Oh look, it’s this thread again.


I’d imagine that the presumably tedious process of carving glyphs into stone would tend to work against changing the written language (although I suppose that writing on papyrus would be easier and thus more conducive to accommodating changes).


You’d be surprised

Classical Latin based on early Roman Republic era Latin remained virtually unchanged in its written form even as Vulgar Latin developed

Vulgar Latin had the last laugh, though, as all Romance languages are derived from it and not Classical Latin


i wonder if cage was once pronounced cah-geh

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Try pronouncing it that way in the future - who knows, you could even start a trend.


uh… maybe we should stick with the current pronunciation

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B-but… where’s the fun in that?

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I say we pronounce everything “bob” and let context sort everything out


I say, “B-bob…” to that.


The cavemen seemed to have done alright with just unga bunga


People who talk about “useless” words are usually trying to communicate the idea that a word is, for them at that point in their learning, probably pretty far out on the end of the “how likely am I to need to say this or encounter it in what I hear or read in the near future” spectrum. At some point they’ll probably need to learn it, but maybe right now it’s not very efficient. They have a point, even if they’re maybe not expressing it as clearly as they could.

And underlying that gripe are some tensions, including:

  • to what extent is it practical or economically feasible to tailor learning to the individual and what they want to read or listen to, versus having everybody take the same path, at least initially?

  • for Japanese in particular, there’s a tension between introducing kanji in a “simple components first” order and a most common first order; similarly a desire to teach all or most readings conflicts with wanting to focus on more common vocabulary.

People can disagree about the best point to aim for in the design space when coming up with an educational tool, and also about whether the point being aimed at could have been hit slightly better.

PS: enthusiasts for the idea that written communication is not merely a recorded and lesser form of spoken language might like some of the arguments in the book length essay 日本語が亡びるとき.


I am such a person

The written word is art


At the time where writing meant having a scribe painstakingly engrave or draw symbols on often expensive materials, it was probably true. But recently the situation has changed tremendously with the internet. People read and write more than ever, at basically every layer of society. And while high literature of course still exists, there’s no shortage of extremely casual written text on social networks, that does indeed move very fast and break many things.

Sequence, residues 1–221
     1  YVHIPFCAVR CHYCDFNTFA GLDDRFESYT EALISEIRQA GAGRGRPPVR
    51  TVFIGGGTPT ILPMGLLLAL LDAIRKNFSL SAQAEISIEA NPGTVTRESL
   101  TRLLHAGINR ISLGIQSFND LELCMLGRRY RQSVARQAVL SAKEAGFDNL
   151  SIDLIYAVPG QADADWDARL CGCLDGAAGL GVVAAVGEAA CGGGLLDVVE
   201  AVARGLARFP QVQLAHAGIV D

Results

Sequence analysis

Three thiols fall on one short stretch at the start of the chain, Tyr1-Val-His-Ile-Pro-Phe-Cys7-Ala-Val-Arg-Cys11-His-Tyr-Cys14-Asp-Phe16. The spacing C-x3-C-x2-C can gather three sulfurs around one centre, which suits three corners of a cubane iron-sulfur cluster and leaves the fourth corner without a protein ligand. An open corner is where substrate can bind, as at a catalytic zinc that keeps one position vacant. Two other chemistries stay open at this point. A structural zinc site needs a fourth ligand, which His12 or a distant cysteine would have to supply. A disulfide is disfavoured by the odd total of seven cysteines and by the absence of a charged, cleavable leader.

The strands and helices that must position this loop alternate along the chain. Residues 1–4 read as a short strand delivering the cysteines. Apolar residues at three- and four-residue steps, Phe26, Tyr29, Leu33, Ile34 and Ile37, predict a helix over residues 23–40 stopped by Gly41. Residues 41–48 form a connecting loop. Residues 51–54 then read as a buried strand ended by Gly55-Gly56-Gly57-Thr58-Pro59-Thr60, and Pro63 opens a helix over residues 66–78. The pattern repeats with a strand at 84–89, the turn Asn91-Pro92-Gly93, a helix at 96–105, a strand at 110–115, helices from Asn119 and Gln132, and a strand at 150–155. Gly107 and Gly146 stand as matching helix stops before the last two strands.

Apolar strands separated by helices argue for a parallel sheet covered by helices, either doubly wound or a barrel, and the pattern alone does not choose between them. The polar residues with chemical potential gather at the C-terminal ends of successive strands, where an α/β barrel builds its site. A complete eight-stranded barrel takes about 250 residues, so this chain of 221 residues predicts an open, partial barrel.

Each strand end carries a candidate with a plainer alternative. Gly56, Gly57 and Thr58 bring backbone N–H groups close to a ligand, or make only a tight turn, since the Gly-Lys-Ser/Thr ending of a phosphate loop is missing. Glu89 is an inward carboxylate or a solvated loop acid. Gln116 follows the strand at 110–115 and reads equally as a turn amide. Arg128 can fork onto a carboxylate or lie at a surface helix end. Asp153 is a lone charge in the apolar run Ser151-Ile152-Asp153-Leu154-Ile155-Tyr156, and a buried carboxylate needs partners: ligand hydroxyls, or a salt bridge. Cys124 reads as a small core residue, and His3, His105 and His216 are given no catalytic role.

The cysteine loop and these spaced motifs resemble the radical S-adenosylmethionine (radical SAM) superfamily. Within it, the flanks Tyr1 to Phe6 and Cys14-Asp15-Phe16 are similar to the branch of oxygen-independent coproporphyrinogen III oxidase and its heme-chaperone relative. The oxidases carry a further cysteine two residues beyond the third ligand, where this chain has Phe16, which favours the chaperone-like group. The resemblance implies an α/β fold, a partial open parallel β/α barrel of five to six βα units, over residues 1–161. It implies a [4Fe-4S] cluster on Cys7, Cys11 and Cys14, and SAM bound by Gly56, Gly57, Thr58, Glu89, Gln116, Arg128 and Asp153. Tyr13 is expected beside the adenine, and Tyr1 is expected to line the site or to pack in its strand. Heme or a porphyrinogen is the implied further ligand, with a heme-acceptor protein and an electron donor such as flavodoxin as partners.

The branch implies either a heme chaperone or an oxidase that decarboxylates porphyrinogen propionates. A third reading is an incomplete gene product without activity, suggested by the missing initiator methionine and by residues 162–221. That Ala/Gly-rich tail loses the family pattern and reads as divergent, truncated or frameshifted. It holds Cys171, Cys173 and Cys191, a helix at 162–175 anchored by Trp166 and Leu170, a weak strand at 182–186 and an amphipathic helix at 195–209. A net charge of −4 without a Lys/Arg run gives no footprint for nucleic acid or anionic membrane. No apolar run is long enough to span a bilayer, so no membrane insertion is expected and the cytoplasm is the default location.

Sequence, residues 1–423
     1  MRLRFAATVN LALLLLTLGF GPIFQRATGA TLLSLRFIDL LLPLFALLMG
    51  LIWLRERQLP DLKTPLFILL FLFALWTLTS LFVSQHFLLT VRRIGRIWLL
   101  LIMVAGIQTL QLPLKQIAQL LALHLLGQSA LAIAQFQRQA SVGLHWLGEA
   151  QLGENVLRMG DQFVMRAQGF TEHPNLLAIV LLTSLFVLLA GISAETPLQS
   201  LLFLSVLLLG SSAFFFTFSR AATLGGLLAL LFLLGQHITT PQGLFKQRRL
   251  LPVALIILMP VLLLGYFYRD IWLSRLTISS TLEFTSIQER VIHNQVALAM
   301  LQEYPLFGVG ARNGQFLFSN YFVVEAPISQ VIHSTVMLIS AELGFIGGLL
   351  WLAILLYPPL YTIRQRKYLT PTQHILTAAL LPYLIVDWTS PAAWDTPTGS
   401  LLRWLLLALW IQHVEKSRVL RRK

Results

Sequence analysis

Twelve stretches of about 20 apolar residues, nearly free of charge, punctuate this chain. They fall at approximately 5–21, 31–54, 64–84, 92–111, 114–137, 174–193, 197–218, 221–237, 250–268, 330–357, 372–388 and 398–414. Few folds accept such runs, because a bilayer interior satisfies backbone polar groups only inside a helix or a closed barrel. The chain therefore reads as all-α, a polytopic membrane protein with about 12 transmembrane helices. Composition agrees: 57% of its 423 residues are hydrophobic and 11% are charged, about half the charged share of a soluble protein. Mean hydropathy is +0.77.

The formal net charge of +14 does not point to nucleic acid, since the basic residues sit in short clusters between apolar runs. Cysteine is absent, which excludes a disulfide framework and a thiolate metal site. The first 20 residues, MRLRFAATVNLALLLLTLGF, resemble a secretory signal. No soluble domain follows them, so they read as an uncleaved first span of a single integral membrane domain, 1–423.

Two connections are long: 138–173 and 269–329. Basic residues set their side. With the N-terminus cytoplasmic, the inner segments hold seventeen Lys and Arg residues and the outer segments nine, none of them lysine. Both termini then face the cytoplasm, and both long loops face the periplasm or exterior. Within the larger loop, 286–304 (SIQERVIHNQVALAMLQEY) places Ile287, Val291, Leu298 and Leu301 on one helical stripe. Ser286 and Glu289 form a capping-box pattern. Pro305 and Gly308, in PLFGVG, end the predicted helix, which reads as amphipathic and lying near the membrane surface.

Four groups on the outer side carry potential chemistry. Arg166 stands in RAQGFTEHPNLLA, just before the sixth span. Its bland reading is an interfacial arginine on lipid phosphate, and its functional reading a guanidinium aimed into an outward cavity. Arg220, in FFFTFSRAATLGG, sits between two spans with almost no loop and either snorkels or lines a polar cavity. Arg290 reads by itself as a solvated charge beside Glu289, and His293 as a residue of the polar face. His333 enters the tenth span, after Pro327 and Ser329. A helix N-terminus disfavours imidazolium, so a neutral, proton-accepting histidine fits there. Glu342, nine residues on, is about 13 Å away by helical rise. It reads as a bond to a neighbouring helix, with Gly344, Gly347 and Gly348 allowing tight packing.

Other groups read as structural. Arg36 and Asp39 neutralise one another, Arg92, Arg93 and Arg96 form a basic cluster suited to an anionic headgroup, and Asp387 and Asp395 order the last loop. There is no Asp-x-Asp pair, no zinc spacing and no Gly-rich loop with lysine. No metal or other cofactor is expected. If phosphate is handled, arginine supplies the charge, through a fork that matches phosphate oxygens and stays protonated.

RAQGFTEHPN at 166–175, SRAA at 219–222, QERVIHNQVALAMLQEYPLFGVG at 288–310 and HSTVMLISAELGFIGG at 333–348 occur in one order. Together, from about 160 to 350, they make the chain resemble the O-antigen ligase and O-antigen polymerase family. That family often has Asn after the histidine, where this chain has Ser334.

Well I mean, of course. If a word exists then it must have a reason to exist, when people talk about useless vocabulary they mean “useless to them at this point in their language learning journey”, which is absolutely valid and in no way presumptuous. That’s a very reasonable point to raise actually.

On Anki or Bunpro (and many other SRS solutions) I can trivially suspend a card I don’t want to study, or mark it as known if I already know it. Without this possibility adding more “niche” vocab is just frustrating for a large portion of the userbase.

But beyond all that I want to point out that I think that you make a mistake when you say:

I don’t think that’s true, or at least it’s not completely true. Some rather common words are missing from WK, while some rather obscure ones (in writing or otherwise) are present. Many words seem to have been chosen specifically to reinforce the readings and meanings of the kanji, not because the word itself is very useful or important.

Take words like 仁義, 雑費 or 出獄, I don’t think they would make it into anybody’s list of “top 6000 kanji words to learn” but they’re in WK. I think they’re here purely to reinforce the kanji, not because they’re very “useful” words to memorize.

To be clear I don’t think it’s an invalid approach, I personally use WK almost purely for kanji study and not for vocabulary, so that works for me.


For better or worse, we can agree that kanji are primarily for reading.

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Imagine my shock the first time I landed in Japan and found out that Japanese people didn’t talk in Kanji at all!

It’s all hiragana!


i used it with my friend and she called me an idiot